Trouble with Trumps
With a combined trump holding of Q108 opposite A32 you would not expect the defenders to score five trump tricks every day of the week, but see what happened on this deal from the Rockwell Mixed Pairs:
|♠||Q 10 8 4|
|♦||A 9 6 5 3|
|♠||K 3 2||♠||A 9 7 6|
|♥||Q 10 8||♥||A 3 2|
|♦||K 4||♦||Q J 10 8 7|
|♣||9 8 7 4 3||♣||2|
|♥||9 7 6 5 4|
|♣||Q J 10 6 5|
|West: Lewis||North||East: Jassem||South|
With honours in both short suits I don’t care for North’s 1NT at all – for the umpteenth time 5-4-2-2 is not a no trump distribution.
However, on this occasion opening One Diamond would not necessarily have worked out any better.
East led the queen of diamonds and declarer won with the ace and tried to cash his top clubs. East ruffed and played another diamond which declarer ruffed on the table to play a heart to the eight, jack and ace.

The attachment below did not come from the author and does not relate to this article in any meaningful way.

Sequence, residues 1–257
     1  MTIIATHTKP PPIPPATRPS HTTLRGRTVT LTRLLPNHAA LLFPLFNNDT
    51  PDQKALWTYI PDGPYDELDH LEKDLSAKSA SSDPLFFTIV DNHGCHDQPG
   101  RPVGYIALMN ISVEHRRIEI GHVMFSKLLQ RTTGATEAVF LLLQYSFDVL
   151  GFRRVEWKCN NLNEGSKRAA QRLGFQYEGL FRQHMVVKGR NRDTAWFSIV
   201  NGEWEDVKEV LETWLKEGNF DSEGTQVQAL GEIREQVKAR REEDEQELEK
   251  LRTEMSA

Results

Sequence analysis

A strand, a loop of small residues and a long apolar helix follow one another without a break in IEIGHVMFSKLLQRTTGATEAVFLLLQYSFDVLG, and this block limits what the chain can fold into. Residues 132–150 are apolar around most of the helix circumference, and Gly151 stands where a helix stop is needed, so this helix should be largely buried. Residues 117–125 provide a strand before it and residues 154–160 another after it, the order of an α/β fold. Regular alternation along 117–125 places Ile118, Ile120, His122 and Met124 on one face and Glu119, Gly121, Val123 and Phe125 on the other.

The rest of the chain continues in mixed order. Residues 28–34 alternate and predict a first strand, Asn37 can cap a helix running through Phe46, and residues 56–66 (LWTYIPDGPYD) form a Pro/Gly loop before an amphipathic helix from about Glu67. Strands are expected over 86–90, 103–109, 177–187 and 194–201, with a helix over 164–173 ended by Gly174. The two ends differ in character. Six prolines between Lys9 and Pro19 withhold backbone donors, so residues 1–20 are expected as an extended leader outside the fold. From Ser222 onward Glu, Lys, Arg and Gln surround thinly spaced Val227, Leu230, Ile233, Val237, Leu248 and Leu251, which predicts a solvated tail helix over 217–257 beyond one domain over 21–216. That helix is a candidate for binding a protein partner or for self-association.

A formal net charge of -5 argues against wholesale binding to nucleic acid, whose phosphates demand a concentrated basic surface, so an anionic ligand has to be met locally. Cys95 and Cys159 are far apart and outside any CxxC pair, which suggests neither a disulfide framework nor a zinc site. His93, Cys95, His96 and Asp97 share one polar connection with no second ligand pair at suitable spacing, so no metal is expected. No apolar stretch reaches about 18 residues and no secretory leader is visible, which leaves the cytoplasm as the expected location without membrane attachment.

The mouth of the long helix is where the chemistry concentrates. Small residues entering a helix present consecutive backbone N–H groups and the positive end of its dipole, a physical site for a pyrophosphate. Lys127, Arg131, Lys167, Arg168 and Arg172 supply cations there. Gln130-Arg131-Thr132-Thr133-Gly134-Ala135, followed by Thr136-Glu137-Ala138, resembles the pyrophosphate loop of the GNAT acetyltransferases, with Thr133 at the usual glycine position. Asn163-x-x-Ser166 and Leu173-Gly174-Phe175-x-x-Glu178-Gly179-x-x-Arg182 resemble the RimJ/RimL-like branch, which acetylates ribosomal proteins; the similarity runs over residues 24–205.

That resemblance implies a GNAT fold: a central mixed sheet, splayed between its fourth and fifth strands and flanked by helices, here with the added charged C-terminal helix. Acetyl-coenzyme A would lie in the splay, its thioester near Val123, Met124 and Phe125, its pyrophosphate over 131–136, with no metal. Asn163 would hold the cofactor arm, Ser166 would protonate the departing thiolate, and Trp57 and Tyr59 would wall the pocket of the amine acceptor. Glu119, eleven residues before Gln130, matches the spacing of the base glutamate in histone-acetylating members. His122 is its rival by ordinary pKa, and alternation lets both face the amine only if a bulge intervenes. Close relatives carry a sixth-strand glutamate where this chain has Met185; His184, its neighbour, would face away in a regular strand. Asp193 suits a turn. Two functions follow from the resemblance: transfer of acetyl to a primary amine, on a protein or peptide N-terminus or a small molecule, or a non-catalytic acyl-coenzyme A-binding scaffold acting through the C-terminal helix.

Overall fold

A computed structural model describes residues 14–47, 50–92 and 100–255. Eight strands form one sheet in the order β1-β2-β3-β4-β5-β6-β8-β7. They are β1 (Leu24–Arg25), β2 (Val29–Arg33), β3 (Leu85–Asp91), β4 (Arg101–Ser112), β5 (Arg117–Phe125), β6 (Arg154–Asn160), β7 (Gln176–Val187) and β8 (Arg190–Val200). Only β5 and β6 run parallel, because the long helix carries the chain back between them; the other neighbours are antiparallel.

East now played the ten of diamonds ruffed by declarer and overruffed by West who played another club.
Declarer discarded a diamond and East ruffed and played the jack of diamonds, ruffed and overuffed. The ace and king of spades gave the defenders two more tricks for two down.
+100 was worth a significant share of the matchpoints.
There are two points to notice.
Declarer could have saved a trick by discarding one of dummy’s spades on the third or fourth round of diamonds, but after failing to do so the first time East can ensure two down by playing a low spade after the second club ruff.
Since declarer has already turned up with seven points in clubs, four in diamonds and one in hearts he should have 3-5 more. When they are the sxQ and the hxK the low spade switch gives declarer no opportunity to discard a diamond.
Even if North has the king of spades and the hxQJ this defence will result in one down.